A Lifetime Burning
nytheatre.com review by Martin Denton
August 8, 2009
The inciting incident of Cusi Cram's new play A Lifetime Burning is a front page spread in the New York Times Thursday Style Section showcasing a hot new writer who has just signed a deal with a major publishing house for her memoirs, which depict her rise from neglect and poverty (she's got Inca and Cherokee in her blood) to a lifestyle in which she is surrounded by lots of expensive designer furniture. Emma, said writer, has made a splash, and she's splurged much of her six-figure advance on said furniture.
Trouble is, the story she tells in said memoirs is mostly fabricated. Her elder sister Tess has arrived at the apartment, in a fury, to call her on these lies. The play unfolds, partly in flashbacks and partly chronologically starting with Tess's arrival, to portray their damaged relationship and troubled, dysfunctional, mostly unhappy lives.
I think I would like A Lifetime Burning better if Tess and Emma weren't so shallow. Though Cram saddles each of the sisters with enough problems for a Lifetime TV movie apiece—Emma is bipolar and unstable when off her meds, she's miserable because she's lonely, she can't seem to hold down a job and she's unfulfilled as a (budding, or wannabe, novelist); Tess is in the midst of a nasty divorce, distraught because her two kids seem to hate her, and still harboring deep resentment over the fact that Emma got more money from their parents when they died while the girls were teenagers—their lives feel defined by material things. Much is made of the exclusive brand names and high price tags of Emma's new coffee table, sofa, etc.; Emma admits that she agreed to write her memoirs because of the money it would make her; Tess, who works for a magazine that's described as "almost" Architectural Digest, is ready to sell out her sister and her own soul to get a gig with trendy book editor Lydia Freemantle (the woman who is publishing Emma's book).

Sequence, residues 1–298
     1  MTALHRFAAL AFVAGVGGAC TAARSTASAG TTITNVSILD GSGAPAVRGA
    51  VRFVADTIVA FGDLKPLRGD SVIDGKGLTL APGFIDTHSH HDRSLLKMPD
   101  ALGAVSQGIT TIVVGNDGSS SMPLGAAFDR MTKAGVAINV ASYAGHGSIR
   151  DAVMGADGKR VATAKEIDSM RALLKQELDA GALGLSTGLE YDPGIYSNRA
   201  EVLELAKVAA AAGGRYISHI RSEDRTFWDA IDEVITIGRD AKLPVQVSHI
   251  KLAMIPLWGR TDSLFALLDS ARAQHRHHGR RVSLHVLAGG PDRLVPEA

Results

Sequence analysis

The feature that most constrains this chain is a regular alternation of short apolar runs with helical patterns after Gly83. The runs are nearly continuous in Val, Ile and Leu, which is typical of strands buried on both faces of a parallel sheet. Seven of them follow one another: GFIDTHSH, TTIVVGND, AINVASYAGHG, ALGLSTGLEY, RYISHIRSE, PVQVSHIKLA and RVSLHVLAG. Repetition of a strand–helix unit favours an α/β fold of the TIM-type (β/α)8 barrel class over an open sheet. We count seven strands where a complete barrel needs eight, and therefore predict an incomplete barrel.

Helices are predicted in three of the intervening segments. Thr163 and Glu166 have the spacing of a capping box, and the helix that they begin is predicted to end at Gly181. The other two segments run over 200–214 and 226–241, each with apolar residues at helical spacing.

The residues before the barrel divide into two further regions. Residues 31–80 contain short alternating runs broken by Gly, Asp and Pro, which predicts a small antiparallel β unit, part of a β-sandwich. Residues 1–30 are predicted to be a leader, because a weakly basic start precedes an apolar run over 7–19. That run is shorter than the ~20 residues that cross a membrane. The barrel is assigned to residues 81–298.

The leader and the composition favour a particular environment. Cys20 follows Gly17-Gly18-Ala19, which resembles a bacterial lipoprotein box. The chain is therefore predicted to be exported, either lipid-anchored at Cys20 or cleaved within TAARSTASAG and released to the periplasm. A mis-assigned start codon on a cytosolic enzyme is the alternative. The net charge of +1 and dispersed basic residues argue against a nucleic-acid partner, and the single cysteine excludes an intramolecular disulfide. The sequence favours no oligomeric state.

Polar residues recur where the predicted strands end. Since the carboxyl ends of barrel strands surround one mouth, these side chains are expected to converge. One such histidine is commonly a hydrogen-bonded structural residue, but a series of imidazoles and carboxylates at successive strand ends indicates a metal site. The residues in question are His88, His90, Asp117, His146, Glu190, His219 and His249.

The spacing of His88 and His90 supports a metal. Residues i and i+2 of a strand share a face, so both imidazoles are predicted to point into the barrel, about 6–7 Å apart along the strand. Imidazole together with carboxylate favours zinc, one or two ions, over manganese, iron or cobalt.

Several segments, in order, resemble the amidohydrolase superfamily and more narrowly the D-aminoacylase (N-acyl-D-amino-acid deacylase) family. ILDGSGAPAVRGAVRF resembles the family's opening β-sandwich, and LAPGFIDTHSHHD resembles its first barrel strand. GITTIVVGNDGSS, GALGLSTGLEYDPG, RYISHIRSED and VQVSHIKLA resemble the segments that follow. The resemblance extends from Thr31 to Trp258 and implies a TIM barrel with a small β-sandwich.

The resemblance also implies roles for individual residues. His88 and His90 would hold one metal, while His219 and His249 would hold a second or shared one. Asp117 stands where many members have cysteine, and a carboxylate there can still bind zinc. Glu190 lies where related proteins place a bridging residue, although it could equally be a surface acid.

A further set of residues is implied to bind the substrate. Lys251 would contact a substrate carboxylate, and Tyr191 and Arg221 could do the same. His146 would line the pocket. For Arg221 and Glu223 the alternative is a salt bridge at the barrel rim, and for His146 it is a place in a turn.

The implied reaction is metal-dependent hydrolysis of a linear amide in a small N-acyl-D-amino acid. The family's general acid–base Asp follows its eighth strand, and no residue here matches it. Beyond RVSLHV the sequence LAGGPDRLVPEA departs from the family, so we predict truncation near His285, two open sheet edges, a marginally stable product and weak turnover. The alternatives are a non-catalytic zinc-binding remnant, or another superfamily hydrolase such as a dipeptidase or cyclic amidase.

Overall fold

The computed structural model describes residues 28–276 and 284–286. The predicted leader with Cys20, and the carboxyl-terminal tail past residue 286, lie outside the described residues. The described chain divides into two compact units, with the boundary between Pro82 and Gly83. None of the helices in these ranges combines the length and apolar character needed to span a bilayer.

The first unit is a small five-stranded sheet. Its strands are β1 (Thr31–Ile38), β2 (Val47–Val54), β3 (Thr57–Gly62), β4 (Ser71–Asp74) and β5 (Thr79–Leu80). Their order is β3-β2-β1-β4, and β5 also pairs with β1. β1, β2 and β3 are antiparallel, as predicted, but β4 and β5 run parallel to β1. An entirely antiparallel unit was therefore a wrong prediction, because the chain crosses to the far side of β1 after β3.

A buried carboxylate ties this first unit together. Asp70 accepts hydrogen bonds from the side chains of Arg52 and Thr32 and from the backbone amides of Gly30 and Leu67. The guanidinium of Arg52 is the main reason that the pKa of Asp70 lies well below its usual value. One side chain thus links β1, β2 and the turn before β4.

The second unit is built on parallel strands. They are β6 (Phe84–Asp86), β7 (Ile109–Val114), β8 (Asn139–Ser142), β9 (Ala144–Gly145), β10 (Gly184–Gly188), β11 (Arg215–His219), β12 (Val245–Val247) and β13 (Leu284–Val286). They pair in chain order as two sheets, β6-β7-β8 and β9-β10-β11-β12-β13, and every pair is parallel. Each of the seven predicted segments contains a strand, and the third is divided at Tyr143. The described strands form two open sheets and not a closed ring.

Lydia herself, whom we meet in a couple of brief scenes, clad (naturally) in "Chanel classic," is a snooty snob of the highest order (albeit a self-aware one). Alejandro, the young Latino man whom Emma met while tutoring him for the GED exam, quickly becomes her boy toy, and not necessarily for the sake of true love.
Everybody drinks. A lot.
The tone of the play is self-congratulatorily cynical, as if just knowing that most of your choices are misguided and borderline malevolent somehow excuses them. These are not people I enjoyed spending time with.
Nor was I much convinced of their plausibility. Would a woman like Lydia really visit a soon-to-be-disgraced client rather than commanding the client to appear at her own office? Would a self-described "lazy" dropout studying for the GED, who doesn't know the word "squander," use the phrase "cerebral cortex" metaphorically in casual conversation? Does Tess really not understand why her mentally ill and frequently institutionalized sister was left the larger share of their parents' inheritance? Does anybody actually have the annoying repetitive speech pattern that Tess falls back on over and over again?
Director Pam MacKinnon keeps things moving, but her work has its lapses as well. I couldn't help noticing, for example, that while Emma says in one speech that she has planned her outfit "down to the toenail polish" she did not, from where I sat in Row D, appear to actually be wearing any polish on her toes at all.
The three actresses in the cast, stuck in dismal roles, do what they can: Isabel Keating's Lydia is the most archetypal creation and perhaps therefore the most watchable; Christina Kirk struggles as Tess, the sister we're not supposed to like, while Jennifer Westfeldt is too well-put-together to really be convincing as Emma, the one we are supposed to like, all of her flaws and difficulties notwithstanding. Raul Castillo is fine as Alejandro, despite the playwright's heavy hand in most of his scenes.
Kris Stone's set, which looks exactly the trendy downtown New York showplace it's supposed to, is easy on the eye, especially if you like that sort of thing.
I've seen several new plays this summer in which people with means—looks, intelligence, money, education, youth—seem entirely unable to pull themselves out of ruts of their own devising: I know the Recession is hitting everybody hard, but let's face it, there are people a lot worse off than Emma the Lonely Bipolar Wannabe Writer. Frankly, her story didn't interest me very much—and nothing that happened during the 90 minutes of A Lifetime Burning changed my mind.